Obamacare program costs $50,000 in taxpayer money for every American who gets health insurance, says bombshell budget report
It will cost the federal government – taxpayers, that is – $50,000 for every person who gets health insurance under the Obamacare law, the Congressional Budget Office revealed on Monday.A trillion here, a trillion there, and pretty soon you're talking about real money.
The number comes from figures buried in a 15-page section of the nonpartisan organization's new ten-year budget outlook.
The best-case scenario described by the CBO would result in 'between 24 million and 27 million' fewer Americans being uninsured in 2025, compared to the year before the Affordable Care Act took effect.
Pulling that off will cost Uncle Sam about $1.35 trillion – or $50,000 per head.
The numbers are daunting: It will take $1.993 trillion, a number that looks like $1,993,000,000,000, to provide insurance subsidies to poor and middle-class Americans, and to pay for a massive expansion of Medicaid and CHIP (Children's Health Insurance Program) costs.
Offsetting that massive outlay will be $643 billion in new taxes, penalties and fees related to the Obamacare law.
That revenue includes quickly escalating penalties – or 'taxes,' as the U.S. Supreme Court described them – on people who resist Washington's command to buy medical insurance.
It also includes income from a controversial medical device tax, which some Republicans predict will be eliminated in the next two years.
If they're right, Obamacare's per-person cost would be even higher.
President Barack Obama pledged to members of Congress in 2009, as his signature insurance overhaul law was being hotly debated, that 'the plan I'm proposing will cost around $900 billion over 10 years.'
It would be a significant discount if the White House could return to that number today.
ObamaCare Must Go!
One of the best ways to follow the ObamaCare story is via Health Care News, a monthly newspaper published by The Heartland Institute. The January issue begins with an article by Sean Parnell, the managing editor, reporting that ObamaCare enrollment is overstated by 400,000.It is the nature of government programs to over-promise, under-deliver and cost more than projected. They have no real interest in doing otherwise.
“The U.S. Department of Health and Human Services (HHS) once again lowered its estimate of the number of Americans enrolled in health plans through government exchanges in 2014. The 6.7 million enrollees who remain are far lower than the eight million touted in May at the end of the last open-enrollment period.”ObamaCare has been a lie from the moment it was introduced for a vote, all 2,700 pages of it, to the present day. Everything President Obama said about it was a lie. As to its present enrollments, they keep dropping because some 900,000 who did sign up did not make the first premium payment or later stopped paying. . .
End Obamacare, and people could die. That’s okay.
During the health-care debates of 2009, Rep. Alan Grayson (D-Fla.) brought a poster on the House floor: “The Republican Health Care Plan: Die Quickly.” In the summer of 2012, when Obamacare was threatened by a presidential election, writer Jonathan Alter argued that “repeal equals death. People will die in the United States if Obamacare is repealed.” Columnist Jonathan Chait wrote recently that those who may die are victims of ideology — “collateral damage” incurred in conservatives’ pursuit “of a larger goal.” If these are the stakes, many liberals argue, then ending Obamacare is immoral.And governments normally underestimate the cost of government programs and overestimate the benefits.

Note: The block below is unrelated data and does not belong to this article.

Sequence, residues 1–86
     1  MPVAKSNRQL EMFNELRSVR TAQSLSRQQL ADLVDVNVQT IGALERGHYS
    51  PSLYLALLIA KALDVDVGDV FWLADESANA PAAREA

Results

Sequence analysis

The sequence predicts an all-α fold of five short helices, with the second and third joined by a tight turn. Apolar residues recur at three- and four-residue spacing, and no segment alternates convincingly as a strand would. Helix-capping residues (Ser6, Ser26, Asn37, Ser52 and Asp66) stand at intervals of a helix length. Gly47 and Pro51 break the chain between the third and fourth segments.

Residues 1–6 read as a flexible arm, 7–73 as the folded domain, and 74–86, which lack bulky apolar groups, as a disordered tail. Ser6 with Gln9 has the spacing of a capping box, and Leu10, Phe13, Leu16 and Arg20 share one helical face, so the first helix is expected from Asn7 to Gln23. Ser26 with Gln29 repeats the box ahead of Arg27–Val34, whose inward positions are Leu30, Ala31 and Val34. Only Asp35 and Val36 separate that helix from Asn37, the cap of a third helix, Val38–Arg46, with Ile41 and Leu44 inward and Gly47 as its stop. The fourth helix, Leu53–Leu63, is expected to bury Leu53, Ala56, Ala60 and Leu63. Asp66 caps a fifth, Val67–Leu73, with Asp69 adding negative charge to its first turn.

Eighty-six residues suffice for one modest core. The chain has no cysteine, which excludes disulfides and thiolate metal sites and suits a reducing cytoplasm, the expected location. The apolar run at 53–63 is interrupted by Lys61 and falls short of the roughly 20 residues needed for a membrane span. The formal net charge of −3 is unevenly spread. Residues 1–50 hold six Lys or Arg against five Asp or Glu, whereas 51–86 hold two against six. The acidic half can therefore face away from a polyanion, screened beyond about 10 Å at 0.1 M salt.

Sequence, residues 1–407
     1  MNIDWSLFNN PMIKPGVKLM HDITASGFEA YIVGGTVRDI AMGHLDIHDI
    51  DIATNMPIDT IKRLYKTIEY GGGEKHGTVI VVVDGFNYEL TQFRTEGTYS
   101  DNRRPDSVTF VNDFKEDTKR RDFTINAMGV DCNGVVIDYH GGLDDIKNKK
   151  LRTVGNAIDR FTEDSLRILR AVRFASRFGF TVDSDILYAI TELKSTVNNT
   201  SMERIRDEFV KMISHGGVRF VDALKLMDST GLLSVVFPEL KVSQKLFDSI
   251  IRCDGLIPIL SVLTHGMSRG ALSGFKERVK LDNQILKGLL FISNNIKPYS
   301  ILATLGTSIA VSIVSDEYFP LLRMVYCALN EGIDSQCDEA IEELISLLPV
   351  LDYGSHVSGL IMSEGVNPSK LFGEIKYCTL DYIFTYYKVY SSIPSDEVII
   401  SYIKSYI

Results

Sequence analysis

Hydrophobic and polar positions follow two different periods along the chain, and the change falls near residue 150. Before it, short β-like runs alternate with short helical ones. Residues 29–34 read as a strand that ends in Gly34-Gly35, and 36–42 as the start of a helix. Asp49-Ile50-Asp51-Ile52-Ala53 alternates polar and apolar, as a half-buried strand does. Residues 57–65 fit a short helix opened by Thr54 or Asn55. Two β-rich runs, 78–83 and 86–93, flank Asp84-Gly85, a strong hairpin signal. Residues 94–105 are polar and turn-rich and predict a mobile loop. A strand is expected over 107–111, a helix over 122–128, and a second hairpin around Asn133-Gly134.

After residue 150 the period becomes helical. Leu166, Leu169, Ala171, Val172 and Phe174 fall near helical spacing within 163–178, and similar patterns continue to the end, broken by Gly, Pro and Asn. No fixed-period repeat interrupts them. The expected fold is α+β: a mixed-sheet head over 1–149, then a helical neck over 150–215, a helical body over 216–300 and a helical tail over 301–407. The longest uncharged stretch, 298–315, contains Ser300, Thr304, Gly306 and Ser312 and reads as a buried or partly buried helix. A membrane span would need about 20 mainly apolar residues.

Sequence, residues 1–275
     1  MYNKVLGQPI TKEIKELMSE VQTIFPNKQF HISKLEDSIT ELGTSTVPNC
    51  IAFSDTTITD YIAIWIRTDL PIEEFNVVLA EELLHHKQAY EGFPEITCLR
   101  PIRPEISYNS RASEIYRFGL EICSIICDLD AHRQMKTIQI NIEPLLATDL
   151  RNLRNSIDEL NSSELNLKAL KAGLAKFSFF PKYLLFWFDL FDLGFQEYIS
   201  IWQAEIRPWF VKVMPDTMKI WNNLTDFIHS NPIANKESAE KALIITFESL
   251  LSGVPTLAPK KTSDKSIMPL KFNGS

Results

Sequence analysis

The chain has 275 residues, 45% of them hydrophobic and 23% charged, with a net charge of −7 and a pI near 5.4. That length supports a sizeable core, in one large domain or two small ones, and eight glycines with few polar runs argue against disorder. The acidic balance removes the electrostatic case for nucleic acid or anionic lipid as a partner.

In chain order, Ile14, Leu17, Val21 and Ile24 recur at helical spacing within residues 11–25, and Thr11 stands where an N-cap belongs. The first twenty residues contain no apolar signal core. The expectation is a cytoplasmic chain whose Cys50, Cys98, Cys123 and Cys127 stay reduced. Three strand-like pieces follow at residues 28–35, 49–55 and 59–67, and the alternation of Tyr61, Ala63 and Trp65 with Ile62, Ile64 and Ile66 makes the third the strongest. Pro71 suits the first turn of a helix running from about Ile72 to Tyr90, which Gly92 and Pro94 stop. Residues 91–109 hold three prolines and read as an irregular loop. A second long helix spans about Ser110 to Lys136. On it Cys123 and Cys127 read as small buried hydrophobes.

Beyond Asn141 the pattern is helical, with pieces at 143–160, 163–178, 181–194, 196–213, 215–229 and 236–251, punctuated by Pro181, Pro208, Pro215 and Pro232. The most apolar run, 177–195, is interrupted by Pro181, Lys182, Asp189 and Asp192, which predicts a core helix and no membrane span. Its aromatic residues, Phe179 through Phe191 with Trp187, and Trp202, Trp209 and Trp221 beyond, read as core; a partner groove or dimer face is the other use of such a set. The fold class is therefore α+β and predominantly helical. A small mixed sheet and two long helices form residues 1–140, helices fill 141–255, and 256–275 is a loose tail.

Except, it’s not.
In a world of scarce resources, a slightly higher mortality rate is an acceptable price to pay for certain goals — including more cash for other programs, such as those that help the poor; less government coercion and more individual liberty; more health-care choice for consumers, allowing them to find plans that better fit their needs; more money for taxpayers to spend themselves; and less federal health-care spending. This opinion is not immoral. Such choices are inevitable. They are made all the time.
Consider, for example, speed limits. By allowing people to drive their cars at speeds at which collisions result in death, our government has decided that the socially optimal number of traffic fatalities is not zero. Some poor souls die: There were more than 30,000 traffic fatalities on America’s roads in 2013. If we didn’t accept that risk, we’d lower the speed limit to a rate at which accidents simply don’t kill, such as 10 mph. Instead, we’ve raised it periodically over the years, and you can now go as fast as 85 mph on a few highways.
. . . public policies — such as speed limits, gun-control measures and many others — usually affect the probability of death, rather than resulting in any specific person’s death. So economists can estimate the amount of money people are willing to pay to avoid slight increases in the probability of dying and then use that estimate to calculate the “value of a statistical life” (VSL).
This measure “serves as the basis for the standard approach used by government agencies to establish monetary benefit values for the predicted reductions in mortality risks from health, safety, and environmental policies,” economist W. Kip Viscusi, a leading VSL expert, writes in a recent paper. He says, based on an analysis of government policies, that the United States places the value of a statistical life between $6 million and $10 million.